Kentucky State University’s Environmental Education and Research Center (EERC) is a little-known gem that was founded in 2007 to protect and enhance KSU’s 308 acres of restored forest habitat and to educate and inspire both students and the public. It aims to build strong community interest in the study of state natural lands and hosts a variety of citizen science projects, guided hikes, and many other programs for learners of all ages. EERC facilities include an accessible pavilion with picnic tables, an outdoor classroom, a 1.6-acre pond, Six Mile Creek access, and Kentucky’s only Braille Trail.
We recently caught up with two of the EERC staff environmental educators, Kaitlynn Gootee and Ian Reis, to learn a bit more about their programs and passions.
KAEE: What is your current role at the EERC (and/or other EE roles you have)?
Kaitlynn: I am an environmental education assistant for the EERC. While I create many of the programs that are hosted at our center, I also lead guided hikes and field trips for our visitors, monitor wildlife at the center, and assist with grounds keeping. I also function as a representative of the EERC when assisting with Kentucky State University’s 4-H program and the Summer Apprenticeship Program.
Ian: I am currently an environmental education assistant. I plan and assist in all environmental education activities on and off campus, as well as maintain the center.I also seek out and implement new programs, tools, and technology we can use to further our impact.
KAEE: What projects or programs are you working on that particularly inspire you?
Kaitlynn: I currently have two favorite programs: the Wildflower Walk series and our Earth Week Program. Our Wildflower Walk series raises awareness about the diversity of wildflowers in our forests and how native pollinators like bees, ants, and butterflies use them. It’s also a wonderful opportunity for members of the community to come out and practice plant identification. The Earth Week program is only held once a year (during the week of Earth Day) and is easily one of our most ambitious projects of the year. Earth Week showcases many different aspects of environmental science, with guest speakers from organizations across Kentucky who speak on subjects like water quality, invasive species, and even backyard conversation in urban areas. It’s always exciting to see everyone come together during Earth Week!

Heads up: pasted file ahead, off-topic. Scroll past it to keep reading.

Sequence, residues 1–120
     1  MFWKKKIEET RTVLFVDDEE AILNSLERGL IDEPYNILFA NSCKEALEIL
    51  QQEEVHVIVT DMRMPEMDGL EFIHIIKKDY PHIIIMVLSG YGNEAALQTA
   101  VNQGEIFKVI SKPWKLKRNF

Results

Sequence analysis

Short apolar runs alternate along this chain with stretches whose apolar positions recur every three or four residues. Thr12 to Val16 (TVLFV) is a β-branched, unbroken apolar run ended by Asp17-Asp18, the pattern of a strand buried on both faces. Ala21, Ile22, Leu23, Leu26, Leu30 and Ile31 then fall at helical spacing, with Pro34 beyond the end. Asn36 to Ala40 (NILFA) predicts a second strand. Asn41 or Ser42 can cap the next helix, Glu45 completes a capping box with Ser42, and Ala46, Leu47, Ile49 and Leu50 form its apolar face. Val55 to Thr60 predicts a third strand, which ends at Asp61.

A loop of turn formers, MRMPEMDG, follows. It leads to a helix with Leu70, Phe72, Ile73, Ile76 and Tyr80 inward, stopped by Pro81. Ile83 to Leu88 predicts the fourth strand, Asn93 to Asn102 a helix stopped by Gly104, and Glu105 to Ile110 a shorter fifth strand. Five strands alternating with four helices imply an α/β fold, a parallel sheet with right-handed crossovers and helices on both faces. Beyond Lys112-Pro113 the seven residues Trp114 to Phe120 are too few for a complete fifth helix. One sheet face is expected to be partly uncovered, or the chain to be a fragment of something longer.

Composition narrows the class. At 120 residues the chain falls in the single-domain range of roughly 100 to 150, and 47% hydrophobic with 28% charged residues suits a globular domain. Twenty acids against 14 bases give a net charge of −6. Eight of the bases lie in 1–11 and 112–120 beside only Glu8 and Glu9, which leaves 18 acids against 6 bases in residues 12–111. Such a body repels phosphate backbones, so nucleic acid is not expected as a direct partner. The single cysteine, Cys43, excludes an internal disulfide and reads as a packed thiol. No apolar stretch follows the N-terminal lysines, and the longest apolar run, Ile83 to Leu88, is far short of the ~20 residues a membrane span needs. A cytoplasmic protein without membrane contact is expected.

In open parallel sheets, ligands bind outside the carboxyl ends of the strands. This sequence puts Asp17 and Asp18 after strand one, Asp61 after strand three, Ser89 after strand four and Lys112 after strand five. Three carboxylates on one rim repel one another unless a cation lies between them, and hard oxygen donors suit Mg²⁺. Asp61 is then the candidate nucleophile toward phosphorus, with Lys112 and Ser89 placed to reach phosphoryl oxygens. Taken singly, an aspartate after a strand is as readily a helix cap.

Ian: I’m particularly inspired by our recently completed Braille Trail. I love finding ways to increase the accessibility of outdoor spaces and to reach everyone we possibly can. I’m also excited to be working on a mobile augmented reality sandbox, which will be another tool and exciting piece of technology that we can take out into the community when they are unable to come to us.
KAEE: What goals do you have for your organization or programs within the EE field?
Kaitlynn: One of my goals for the EERC is to continue our involvement in the community and in schools. Many of our young student visitors mention they have never been on a hike before, and by the end of their visit they are adamant that they want to be biologists! Creating and expanding a safe, immersive learning space like the EERC is something always at the forefront of our minds, allowing members of the community to see our natural lands in ways they may not have before.
Ian: I hope to continue increasing the programs that we offer. Over the past year we have added at least one or two recurring programs each month to our offerings (with more planned for this year), in addition to our regular tours and classroom visits. Increasing community engagement is always a priority. I would also like to continue improvements to our space, such as the in-development self-guided audio tour to draw more visitors and enhance their experience.
KAEE: What is an area you feel you could use support in from this network of fellow educators?
Kaitlynn: The EERC needs help spreading the word about our center! We are always looking for opportunities to help out with community projects, school involvement, or even short visits from those who simply want to get out into the woods. Our center is also always open to collaborating with others on EE projects, and more than willing to act as a space to host field trips!
Ian: I want to stay up to date with what everyone is doing so we can share ideas and events, and hopefully collaborate on some projects.
KAEE: What is something you feel could be beneficial to share with this network?
Kaitlynn: While the EERC is always open to host visitors, we understand that weather, funding, and COVID-19 can make it difficult to come out and see us. The staff here at the EERC are available to travel to schools to deliver EE activities, and we also have a collection of virtual EE material that is available to educators.
Ian: We are always (COVID permitting) ready to host you and/or your group! We’d love to invite you to the EERC and get to know you better. We are also happy to support others as well, so just let us know what you need. We will come to you!
KAEE: If you would, share a fun fact or random tidbit about yourself with the group.
Kaitlynn: A fun fact about me: I like to write fantasy fiction in my free time!
Ian: My love for travelling, live music, and theater has taken me to 31 states and three countries so far.